Although the fetus weighs well under a pound, the major organs and systems of the body are formed by the end of the first trimester.
The embryo develops a simple brain, spine and central nervous system.
Weeks 3-8: Greatest sensitivity to teratogens.
Week 4: The skin cells begin to form in two layers.
Week 5: Fetal cells in mother's blood can be used to identify birth defects.
The heart is less than a half-inch in diameter and begins to beat.
Spots appear where eyes will form; face is almost recognizable.
Week 10: Chorionic villus sampling to test for birth defects can be performed.
Fetus is size of tennis ball.
Eyelids close over eyes and vocal cords form.
Pulses of thyroid hormones begin to regulate brain development.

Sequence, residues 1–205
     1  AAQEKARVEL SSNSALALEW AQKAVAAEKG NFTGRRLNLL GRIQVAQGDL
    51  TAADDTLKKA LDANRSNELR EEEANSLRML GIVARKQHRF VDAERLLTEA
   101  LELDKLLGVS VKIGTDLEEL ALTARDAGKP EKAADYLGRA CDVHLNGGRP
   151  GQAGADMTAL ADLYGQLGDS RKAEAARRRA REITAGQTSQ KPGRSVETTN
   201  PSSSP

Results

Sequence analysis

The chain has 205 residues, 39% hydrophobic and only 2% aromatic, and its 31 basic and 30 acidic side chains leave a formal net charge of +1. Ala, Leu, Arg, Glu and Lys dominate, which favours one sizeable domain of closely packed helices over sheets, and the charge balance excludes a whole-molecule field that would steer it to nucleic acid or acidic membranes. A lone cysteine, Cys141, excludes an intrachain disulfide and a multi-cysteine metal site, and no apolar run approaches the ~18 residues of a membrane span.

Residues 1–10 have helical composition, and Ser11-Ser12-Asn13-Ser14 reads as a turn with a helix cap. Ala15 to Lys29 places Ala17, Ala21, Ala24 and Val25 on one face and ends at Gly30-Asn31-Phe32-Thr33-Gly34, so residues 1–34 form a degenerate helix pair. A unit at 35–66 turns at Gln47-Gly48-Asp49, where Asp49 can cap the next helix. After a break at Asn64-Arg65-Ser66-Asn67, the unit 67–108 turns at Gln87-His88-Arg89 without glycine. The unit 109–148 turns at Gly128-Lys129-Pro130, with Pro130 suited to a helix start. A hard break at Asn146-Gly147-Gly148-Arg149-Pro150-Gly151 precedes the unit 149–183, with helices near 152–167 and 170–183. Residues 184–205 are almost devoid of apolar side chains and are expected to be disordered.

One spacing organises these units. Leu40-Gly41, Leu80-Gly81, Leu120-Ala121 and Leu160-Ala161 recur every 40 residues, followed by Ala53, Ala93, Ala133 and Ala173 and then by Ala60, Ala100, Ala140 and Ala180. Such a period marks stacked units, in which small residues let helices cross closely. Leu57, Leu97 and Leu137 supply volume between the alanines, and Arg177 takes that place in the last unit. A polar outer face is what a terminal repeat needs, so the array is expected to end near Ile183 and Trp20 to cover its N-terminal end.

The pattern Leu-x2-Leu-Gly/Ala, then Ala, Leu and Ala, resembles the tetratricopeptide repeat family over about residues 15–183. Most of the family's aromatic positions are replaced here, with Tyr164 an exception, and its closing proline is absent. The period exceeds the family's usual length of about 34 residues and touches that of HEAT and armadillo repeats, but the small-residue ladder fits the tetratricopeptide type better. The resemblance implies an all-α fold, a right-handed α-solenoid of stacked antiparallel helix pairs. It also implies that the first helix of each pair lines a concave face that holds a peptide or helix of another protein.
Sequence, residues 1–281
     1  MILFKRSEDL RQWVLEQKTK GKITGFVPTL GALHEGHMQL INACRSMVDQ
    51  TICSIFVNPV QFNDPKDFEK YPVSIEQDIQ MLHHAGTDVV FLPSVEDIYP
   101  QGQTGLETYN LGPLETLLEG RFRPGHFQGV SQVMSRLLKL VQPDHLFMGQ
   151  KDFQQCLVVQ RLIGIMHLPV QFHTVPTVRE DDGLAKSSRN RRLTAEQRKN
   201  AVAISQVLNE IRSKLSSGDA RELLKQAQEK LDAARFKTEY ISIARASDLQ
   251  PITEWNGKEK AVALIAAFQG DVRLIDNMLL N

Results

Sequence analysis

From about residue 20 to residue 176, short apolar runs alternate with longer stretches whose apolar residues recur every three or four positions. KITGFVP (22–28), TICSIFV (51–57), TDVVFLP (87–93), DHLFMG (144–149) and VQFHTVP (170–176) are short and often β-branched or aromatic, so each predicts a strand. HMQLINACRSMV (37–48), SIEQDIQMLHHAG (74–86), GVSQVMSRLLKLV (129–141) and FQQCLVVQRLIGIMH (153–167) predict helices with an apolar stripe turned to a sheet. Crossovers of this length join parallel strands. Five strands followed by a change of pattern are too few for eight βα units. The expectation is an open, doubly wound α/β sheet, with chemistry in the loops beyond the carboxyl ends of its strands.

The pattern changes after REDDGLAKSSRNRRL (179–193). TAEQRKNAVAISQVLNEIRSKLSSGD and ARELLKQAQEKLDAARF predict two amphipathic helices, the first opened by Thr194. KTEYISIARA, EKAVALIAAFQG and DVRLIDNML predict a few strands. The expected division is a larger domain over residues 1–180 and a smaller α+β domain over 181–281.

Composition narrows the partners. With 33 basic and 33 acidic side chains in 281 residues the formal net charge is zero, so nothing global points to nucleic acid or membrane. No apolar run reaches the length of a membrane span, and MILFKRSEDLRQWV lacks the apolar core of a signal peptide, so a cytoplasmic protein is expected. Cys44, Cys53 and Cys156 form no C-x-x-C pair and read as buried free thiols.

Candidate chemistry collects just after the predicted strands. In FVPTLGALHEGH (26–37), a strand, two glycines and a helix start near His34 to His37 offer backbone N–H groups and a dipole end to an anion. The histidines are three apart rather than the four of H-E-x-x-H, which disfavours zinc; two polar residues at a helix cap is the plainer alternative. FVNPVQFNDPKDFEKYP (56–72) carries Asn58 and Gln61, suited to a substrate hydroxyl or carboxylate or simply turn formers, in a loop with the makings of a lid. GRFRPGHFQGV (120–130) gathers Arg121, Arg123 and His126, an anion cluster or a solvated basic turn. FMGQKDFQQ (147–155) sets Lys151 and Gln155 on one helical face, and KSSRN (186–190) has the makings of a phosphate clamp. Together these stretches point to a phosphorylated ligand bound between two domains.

By the end of 12th week, the mass of the fertilized egg has increased 2.5 million times. During the rest of pregnancy, the increase is only 230-fold.
Blood pressure screening can identify women at high risk for preeclampsia.
Teratogens: Substances or agents that are known to be dangerous to the fetus.
Sebaceous: Oil glands of the skin.
Chorionic villus sampling: An invasive technique in which a needle is inserted through the mother's abdomen to remove a tiny piece of the placenta. The tissue is analyzed for genetic defects.
Preeclampsia: A serious disease of late pregnancy (cause unknown) that leads to high blood pressure and increased fluids. Can advance to eclampsia if disease is not brought under control. In severe cases, the mother can have seizures.
Sources: "Reproductive Health," American Heart Assn., March of Dimes, Anatomy and Physiology the Easy Way; Researched by Thomas Maugh II